Then the neigh­bours below com­plain about the noise. For a moment this occu­pies our interi­or design­er, the masonry com­pany, an HDB clerk, and us. As it turns out, our people are abid­ing by all the rules, espe­cially those on con­struc­tion noise and quiet hours. It also turns out the neigh­bours com­plain about some­thing that can be proven to have happened over a year ago. Ah, this kind of neigh­bour. Com­plaint unfoun­ded, case closed.

Later, while holes for the blinds are being drilled, the neigh­bours above com­plain about the noise. It’s Tues­day after­noon, the drilling takes no more than half an hour, our people are fol­low­ing the rules, so we ignore the grumbling. We can’t drop everything just because someone’s child is study­ing for his exams. Tough, I know. Here’s to good neighbourliness.

At some point, there’s a han­dover. That doesn’t mean the works have fin­ished. A few cock-ups catch our eye. They must wait till after the move. Mer­ging two house­holds into one. New fur­niture is com­ing too. We’re wrap­ping up our old places. It’s all cul­min­at­ing a bit.

Money

We spend money, an incred­ible amount of money. As the flat is CPF- and loan-fin­anced, one doesn’t feel it in every­day life. The renov­a­tion, how­ever, we are pay­ing in cash. Our ori­gin­al budget has not been adhered to strictly, or at all, seem­ingly. We are unhappy with the interi­or design­er, but also with ourselves because we sus­pect it may be due to our choices.

Yoga

In spring, my yoga stu­dio closes, like almost everything else. No yoga for months, at least not under guid­ance. Even­tu­ally they all open again, except my yoga stu­dio. Its social media com­mu­nic­a­tion could be bet­ter. I don’t hear enough for my lik­ing and decide to change stu­di­os, at least temporarily.

When the change is final­ised, my old yoga stu­dio reopens. I fin­ish my old pack­age but decide to con­tin­ue going to the new stu­dio for the time being (see also: Money). But I know I will review my decision.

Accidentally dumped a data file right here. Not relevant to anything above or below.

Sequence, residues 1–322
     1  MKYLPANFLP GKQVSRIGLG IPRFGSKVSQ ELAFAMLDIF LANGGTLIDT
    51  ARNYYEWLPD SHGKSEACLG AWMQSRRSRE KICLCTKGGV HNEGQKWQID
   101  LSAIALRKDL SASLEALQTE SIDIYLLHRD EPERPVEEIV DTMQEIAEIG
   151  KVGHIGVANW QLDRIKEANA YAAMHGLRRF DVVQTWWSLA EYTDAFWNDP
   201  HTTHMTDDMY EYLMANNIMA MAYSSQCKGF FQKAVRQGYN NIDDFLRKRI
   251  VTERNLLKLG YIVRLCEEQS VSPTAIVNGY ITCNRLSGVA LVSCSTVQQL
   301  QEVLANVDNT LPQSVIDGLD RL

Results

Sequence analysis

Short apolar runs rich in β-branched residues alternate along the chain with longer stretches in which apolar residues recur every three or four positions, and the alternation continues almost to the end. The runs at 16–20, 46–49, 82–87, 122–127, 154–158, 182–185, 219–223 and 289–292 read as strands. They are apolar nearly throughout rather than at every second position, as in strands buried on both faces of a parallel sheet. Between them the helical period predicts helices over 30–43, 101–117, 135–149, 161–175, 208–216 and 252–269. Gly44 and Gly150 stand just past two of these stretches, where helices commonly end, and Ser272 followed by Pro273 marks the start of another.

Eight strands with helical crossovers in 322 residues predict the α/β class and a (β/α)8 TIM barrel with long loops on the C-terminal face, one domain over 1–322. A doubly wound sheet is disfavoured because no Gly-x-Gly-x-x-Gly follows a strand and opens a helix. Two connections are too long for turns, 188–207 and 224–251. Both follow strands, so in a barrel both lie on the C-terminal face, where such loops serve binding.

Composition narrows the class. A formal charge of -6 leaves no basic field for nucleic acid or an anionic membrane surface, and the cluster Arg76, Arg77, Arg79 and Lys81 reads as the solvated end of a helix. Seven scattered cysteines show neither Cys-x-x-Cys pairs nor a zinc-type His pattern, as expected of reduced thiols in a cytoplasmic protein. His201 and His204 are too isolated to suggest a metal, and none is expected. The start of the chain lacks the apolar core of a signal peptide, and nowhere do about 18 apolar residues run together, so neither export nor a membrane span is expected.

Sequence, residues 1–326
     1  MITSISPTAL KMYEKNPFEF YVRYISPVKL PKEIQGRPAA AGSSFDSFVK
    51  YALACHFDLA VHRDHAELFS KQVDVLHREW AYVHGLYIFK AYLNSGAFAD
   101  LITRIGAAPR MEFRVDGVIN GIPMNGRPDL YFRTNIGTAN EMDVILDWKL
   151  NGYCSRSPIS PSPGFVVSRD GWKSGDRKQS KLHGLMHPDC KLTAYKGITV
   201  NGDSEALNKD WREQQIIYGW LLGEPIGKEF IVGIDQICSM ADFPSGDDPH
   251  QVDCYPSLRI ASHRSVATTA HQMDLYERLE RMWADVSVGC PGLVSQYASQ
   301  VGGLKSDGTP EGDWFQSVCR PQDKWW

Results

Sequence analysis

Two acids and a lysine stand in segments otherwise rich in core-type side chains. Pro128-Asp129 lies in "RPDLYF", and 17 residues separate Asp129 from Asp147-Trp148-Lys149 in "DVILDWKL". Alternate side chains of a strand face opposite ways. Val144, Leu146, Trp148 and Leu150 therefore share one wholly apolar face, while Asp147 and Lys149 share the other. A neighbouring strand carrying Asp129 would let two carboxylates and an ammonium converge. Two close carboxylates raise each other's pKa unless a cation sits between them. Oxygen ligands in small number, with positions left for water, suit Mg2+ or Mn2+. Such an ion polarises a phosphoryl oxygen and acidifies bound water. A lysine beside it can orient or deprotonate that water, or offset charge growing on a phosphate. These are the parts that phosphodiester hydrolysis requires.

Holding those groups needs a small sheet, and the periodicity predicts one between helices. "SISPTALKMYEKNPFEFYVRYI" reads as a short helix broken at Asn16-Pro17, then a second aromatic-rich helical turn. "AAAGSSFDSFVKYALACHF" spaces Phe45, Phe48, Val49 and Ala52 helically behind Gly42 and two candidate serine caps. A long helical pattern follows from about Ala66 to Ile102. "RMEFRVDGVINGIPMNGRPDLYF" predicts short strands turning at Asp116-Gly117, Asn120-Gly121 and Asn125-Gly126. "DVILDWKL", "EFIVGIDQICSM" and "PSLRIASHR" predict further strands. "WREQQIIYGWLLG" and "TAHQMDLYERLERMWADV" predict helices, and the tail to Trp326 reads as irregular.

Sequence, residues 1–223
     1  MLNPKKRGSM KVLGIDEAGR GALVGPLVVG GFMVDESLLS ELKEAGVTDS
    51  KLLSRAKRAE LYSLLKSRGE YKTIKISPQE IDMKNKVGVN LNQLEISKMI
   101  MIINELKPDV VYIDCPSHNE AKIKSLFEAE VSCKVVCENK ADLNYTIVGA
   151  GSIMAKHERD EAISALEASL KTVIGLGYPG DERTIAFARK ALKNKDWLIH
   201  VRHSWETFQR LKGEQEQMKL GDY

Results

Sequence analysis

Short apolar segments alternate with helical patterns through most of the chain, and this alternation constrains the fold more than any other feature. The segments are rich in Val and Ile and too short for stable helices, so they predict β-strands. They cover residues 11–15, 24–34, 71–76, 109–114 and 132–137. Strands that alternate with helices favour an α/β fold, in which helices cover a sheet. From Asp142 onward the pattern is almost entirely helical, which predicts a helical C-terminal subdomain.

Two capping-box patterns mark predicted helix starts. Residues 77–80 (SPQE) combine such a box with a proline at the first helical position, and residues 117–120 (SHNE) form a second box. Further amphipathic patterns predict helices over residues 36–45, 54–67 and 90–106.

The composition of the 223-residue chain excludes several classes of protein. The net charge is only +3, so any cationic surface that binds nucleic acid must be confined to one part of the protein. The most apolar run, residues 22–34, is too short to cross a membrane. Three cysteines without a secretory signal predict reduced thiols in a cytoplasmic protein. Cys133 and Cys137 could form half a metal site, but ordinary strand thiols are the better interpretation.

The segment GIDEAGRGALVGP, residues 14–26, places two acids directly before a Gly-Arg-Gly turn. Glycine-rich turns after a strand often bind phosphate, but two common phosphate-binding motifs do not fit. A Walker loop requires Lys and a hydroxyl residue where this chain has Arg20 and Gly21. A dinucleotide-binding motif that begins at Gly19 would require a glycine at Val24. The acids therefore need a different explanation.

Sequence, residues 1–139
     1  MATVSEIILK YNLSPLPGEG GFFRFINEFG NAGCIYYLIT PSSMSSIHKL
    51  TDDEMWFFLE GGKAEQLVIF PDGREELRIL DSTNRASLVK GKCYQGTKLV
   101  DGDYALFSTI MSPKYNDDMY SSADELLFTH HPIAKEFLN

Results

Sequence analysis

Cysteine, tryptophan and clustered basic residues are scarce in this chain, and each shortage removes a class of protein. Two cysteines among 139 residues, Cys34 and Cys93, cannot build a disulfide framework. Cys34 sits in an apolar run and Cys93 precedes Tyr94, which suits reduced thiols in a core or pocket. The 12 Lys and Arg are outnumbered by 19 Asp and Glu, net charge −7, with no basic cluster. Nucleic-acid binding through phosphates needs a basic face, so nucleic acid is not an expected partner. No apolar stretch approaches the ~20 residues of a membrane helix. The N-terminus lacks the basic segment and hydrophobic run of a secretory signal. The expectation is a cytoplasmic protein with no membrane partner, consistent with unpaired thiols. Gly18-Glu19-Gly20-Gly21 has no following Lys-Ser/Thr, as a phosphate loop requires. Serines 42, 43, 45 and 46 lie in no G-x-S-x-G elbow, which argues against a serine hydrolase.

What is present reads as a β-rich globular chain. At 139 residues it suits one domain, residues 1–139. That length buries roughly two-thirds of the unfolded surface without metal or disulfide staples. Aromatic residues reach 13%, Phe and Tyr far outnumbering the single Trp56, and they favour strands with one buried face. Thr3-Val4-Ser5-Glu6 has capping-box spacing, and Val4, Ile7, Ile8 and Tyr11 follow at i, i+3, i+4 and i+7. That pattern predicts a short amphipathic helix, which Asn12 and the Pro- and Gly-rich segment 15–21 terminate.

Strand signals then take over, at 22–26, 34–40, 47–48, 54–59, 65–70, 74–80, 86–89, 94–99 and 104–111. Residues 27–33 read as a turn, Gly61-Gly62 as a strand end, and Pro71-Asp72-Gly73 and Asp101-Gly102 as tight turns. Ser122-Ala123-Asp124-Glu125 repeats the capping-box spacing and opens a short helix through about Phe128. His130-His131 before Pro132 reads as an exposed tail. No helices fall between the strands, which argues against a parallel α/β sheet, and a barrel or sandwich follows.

CIArb Fellowship

Mid-year brings the con­firm­a­tion that I’ve passed the CIArb fel­low­ship exam some­time in 2019. I apply and pay for the peer inter­view, the only thing left to stand between me and the fel­low­ship. The inter­view takes place via Zoom, fol­low­ing which I am admit­ted as a fel­low. I’m happy, but it all took too long. I remem­ber when they said the exam res­ults would be avail­able with­in two to three months.

Any­way. Hello world, now it makes even more sense to appoint me as an arbit­rat­or.

Mediation

Early this year, I take two courses at the Singa­pore Medi­ation Centre, one in Janu­ary, the oth­er in Feb­ru­ary. They are intense as well, but less than the route to CIArb fel­low­ship. End of August, there’s an assess­ment of my skills, includ­ing con­duct­ing a medi­ation hear­ing. I don’t expect to pass, but I pass and am now an SMC-accred­ited mediator.

Hello world, now you can also hire me as a medi­at­or.

Telly

I watch tons of tele­vi­sion. Let me deal with this sep­ar­ately.

Wedding and Family Life

When I said per­son­al at the begin­ning, I did­n’t mean private, at least not too much. But I sup­pose a per­son­al end-of-year review can­’t leave out the following.

End-of-year review: family portrait 2020.

Our wed­ding in the time of pan­dem­ic, in a cere­mony that is as small as it is beau­ti­ful. A bril­liant idea by Nura to have it at her par­ents’ house. My loved ones from Ger­many dial in via Zoom to see me mar­ry­ing the greatest gift of my life.

And before you know it, you’re the step­fath­er of two teen­agers and move into a freshly ren­ov­ated fam­ily home with kit and caboodle. I admit chan­ging from bach­el­or to fam­ily man – although it’s been in the off­ing for some time – isn’t always easy. I draw strength from the real­isa­tion that my new flat­mates have excel­lent taste in music. Since this is extremely import­ant to me – it epi­tom­ises a few oth­er things as well – I am con­fid­ent about the future.

Right after we move into the new home, they dis­card thirty of my ties in a Mar­ie Kondo oper­a­tion. I get to keep twenty-one.

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2 Comments

  1. The Bibik

    Belated hearti­est con­grats on the fam­ily and home fronts.